A 360-degree rotating jetting tool has been successfully deployed to cleanup about 1000 ft of 6.25" horizontal open-hole gravel packed (OHGP) well. The exercise was carried out using Nitrified 10% HCl placed from the toe to the heel at Coil Tubing average rate of 20 ft/min. Three passes were made at total fluids rate of 1.0 bpm. During the fluid placement, no losses were encountered. After the treatment and initial production testing, a baseline memory production log (MPLT) was acquired across the horizontal drain section to evaluate the completion/cleanup efficiency. The MPLT results indicated a better drain hole cleanup as seen in the inflow profile of the completed drain section. Higher contribution was also noticeable in the cleaner sand members. From the result obtained, the 360-degree rotating jetting tool can be efficiently applied to cleanup drain holes especially in horizontal wells equipped with gravel packs.
This paper discusses the maiden application of a 360-degree rotating jetting tool (as shown in figure 1) in the clean-up of a gravel packed horizontal well, evaluates the inflow profile (based on memory production log) as a yardstick for determining the tool's efficiency, and demonstrates the economic impact on the bottom-line business as seen in Well OBGN-XA located in Obigbo-North field of Niger Delta, Nigeria as indicated in figure 2.
In the past, most wells completed in the field and on the D2.300A reservoir were conventional with poor inflow and/or productivity index. The problem of water conning associated with high drawdown, sand production and by-passed oil were common. Thus, to achieve the primary objective earlier defined against Well OBGN-XA, the initial well plan was to drill and complete the Well OBGN-XA as a horizontal well, so as to improve the inflow area, lateral connectivity of by-passed oil and install gravel pack to combat anticipated sand failure. However, ensuring an effective cleanup of the horizontal drain section to enhance actual well productivity was a critical challenge.
Proper treatment fluid placement and complete coverage during displacement were often hampered by high permeability streaks which could act as localized "thief zones". Before now, the traditional practice of cleaning up newly completed horizontal wells was to spot the treatment acid with coil tubing across the entire drain-length; usually, the acid is foamed to achieve a better diversion and placement. However, post cleanup production logs taken across the horizontal drain section do not confirm a fully satisfactory cleanup, as some sections of the drain-hole do not effectively contribute to inflow into the liner-bore. The situation poses a greater challenge in horizontally gravel packed wells as getting the treatment fluid to reach and dissolve the filter-cake will require energy sufficient to overcome the fluid attenuation effect due to the gravel and the screen. The high velocity 360-degree jetting tool concept easily provides the needed energy.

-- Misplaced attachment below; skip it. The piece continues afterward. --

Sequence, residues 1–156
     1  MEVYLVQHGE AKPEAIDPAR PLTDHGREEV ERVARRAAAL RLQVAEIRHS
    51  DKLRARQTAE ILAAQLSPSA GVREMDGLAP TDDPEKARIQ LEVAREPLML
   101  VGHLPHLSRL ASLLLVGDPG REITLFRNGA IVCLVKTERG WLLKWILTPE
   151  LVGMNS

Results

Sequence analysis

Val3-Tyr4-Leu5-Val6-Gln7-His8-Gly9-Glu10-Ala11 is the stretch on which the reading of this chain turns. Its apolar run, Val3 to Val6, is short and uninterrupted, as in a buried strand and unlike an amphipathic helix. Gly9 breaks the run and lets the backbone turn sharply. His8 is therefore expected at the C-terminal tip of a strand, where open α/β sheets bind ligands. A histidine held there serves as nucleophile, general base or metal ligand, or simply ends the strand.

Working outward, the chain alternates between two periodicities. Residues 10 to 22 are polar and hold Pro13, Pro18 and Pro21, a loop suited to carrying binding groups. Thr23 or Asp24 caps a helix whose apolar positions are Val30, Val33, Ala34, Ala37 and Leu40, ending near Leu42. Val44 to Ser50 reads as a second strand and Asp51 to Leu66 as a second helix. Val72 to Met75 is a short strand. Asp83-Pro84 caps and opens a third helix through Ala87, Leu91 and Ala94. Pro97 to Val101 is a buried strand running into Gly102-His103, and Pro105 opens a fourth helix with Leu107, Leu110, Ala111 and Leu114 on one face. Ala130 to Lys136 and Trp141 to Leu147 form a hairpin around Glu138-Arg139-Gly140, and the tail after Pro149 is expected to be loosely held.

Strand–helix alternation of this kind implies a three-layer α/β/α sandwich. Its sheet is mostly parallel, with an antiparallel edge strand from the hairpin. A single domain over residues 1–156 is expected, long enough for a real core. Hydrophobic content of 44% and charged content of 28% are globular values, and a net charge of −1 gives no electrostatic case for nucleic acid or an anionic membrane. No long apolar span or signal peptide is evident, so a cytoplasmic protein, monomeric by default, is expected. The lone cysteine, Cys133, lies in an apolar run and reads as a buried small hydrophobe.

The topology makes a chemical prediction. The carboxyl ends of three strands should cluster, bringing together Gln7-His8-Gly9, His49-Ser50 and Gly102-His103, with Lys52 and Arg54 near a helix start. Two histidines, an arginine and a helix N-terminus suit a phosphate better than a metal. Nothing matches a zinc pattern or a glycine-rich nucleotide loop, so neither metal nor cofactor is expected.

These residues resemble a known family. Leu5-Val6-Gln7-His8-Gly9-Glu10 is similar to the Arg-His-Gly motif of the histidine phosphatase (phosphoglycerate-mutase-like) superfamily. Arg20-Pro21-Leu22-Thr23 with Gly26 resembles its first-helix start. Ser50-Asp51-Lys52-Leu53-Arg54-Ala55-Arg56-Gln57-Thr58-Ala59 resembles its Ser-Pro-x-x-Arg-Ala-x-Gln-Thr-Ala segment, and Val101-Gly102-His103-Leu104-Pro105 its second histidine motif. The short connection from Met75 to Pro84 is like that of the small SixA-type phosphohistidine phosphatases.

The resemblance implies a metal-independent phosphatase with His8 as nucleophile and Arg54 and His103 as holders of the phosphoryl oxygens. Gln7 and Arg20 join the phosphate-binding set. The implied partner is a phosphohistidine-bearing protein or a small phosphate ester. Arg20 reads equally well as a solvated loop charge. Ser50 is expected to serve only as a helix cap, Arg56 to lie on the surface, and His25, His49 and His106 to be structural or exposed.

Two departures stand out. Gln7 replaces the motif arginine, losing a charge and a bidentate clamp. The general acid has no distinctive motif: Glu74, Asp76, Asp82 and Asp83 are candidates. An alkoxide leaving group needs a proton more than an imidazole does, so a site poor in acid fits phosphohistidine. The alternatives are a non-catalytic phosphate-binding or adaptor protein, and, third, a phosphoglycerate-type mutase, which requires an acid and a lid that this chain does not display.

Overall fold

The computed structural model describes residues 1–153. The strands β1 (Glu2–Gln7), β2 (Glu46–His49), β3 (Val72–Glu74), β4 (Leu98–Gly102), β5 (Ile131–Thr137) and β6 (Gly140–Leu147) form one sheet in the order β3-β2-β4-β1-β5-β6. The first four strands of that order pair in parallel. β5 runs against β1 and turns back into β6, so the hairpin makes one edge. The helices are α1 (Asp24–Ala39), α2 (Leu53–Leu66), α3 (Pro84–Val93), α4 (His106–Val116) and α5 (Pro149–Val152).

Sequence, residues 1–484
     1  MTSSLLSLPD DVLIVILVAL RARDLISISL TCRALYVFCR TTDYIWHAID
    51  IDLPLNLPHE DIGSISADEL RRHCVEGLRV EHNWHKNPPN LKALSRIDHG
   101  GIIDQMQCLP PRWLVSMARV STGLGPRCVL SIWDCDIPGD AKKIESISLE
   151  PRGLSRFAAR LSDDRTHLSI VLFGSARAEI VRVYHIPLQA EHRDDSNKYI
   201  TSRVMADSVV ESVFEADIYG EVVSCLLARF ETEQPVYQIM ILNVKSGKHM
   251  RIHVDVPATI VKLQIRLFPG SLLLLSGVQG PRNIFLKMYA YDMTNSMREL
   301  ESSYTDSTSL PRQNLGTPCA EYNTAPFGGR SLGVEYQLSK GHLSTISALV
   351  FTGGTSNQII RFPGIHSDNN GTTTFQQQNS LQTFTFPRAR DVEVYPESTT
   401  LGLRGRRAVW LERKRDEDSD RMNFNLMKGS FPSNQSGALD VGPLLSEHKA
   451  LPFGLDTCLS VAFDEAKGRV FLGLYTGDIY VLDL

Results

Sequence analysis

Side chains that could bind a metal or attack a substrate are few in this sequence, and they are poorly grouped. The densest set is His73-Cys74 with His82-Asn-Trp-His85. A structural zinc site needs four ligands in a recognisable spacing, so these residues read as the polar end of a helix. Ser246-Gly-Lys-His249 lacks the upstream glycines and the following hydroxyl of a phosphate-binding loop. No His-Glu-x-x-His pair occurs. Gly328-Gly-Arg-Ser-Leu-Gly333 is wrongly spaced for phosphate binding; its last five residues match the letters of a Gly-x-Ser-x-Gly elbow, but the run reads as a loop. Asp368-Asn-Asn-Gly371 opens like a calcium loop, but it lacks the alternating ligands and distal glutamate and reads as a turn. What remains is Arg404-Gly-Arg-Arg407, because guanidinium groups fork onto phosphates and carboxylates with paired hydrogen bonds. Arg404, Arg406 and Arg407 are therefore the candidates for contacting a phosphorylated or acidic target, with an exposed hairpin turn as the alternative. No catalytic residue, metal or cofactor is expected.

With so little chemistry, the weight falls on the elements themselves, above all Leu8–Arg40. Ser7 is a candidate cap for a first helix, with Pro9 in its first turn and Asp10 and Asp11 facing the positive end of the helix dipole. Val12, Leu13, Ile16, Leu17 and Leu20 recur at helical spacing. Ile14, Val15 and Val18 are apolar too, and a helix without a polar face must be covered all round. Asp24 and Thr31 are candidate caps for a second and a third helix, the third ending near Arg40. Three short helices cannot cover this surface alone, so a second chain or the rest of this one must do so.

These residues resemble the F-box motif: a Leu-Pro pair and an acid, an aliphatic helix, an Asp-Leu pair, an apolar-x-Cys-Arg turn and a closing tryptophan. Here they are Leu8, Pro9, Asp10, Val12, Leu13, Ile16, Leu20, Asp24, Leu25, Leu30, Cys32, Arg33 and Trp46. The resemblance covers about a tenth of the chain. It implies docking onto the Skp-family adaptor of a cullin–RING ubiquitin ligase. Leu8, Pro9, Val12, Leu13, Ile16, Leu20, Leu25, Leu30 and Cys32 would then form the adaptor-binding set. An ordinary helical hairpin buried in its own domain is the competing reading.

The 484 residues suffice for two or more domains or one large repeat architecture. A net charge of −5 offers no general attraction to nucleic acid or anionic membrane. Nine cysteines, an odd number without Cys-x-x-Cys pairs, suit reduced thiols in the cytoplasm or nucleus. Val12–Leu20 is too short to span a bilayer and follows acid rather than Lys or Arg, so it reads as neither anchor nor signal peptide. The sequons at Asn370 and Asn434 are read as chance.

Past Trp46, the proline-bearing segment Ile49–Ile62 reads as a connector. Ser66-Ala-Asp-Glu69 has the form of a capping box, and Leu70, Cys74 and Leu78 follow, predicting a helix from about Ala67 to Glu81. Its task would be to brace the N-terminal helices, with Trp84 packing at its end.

The initial considerations to achieve a better cleanup of Well OBGN-XA (in figure 3) were the wash-cup approach, acid spotting using coil tubing and a trial application of the newly commercialized 360° high velocity jetting tool oriented nozzles). The jetting tool was considered for a trial based on its technical feasibility, logistics, cost and potential to address the main challenge of getting the treatment fluid to the filter-cake. The tool's efficiency was to be primarily evaluated using memory production logs acquired across the drain-hole.
Well OBGN-XA located in Obigbo-North field is the first horizontal open-hole gravel packed well in SPDC. It is also on record as the first successful one in the Niger Delta. The well was completed in the D2.300A reservoir.
The primary objective of Well OBGN-XA was to develop about 8.5 MMstb of oil at an off-take rate of 3000 bopd on the D2.300A reservoir as detailed in table-1. The D2.300A reservoir in Obigbo-North field has a total expectation STOIIP of about 50.0 MMstb and a UR of 24.9 MMstb. This represents some 49.0 % recovery factor.
Structurally, the D2.300A reservoir is a rollover anticline associated with large East-West trending growth faults. The reservoir is successive distributary channels. The entire D2.300A reservoir is subdivided by thin permeable radioactive sand into two separate layers. The reservoir is well developed and laterally extensive with an average thickness of 60-ft.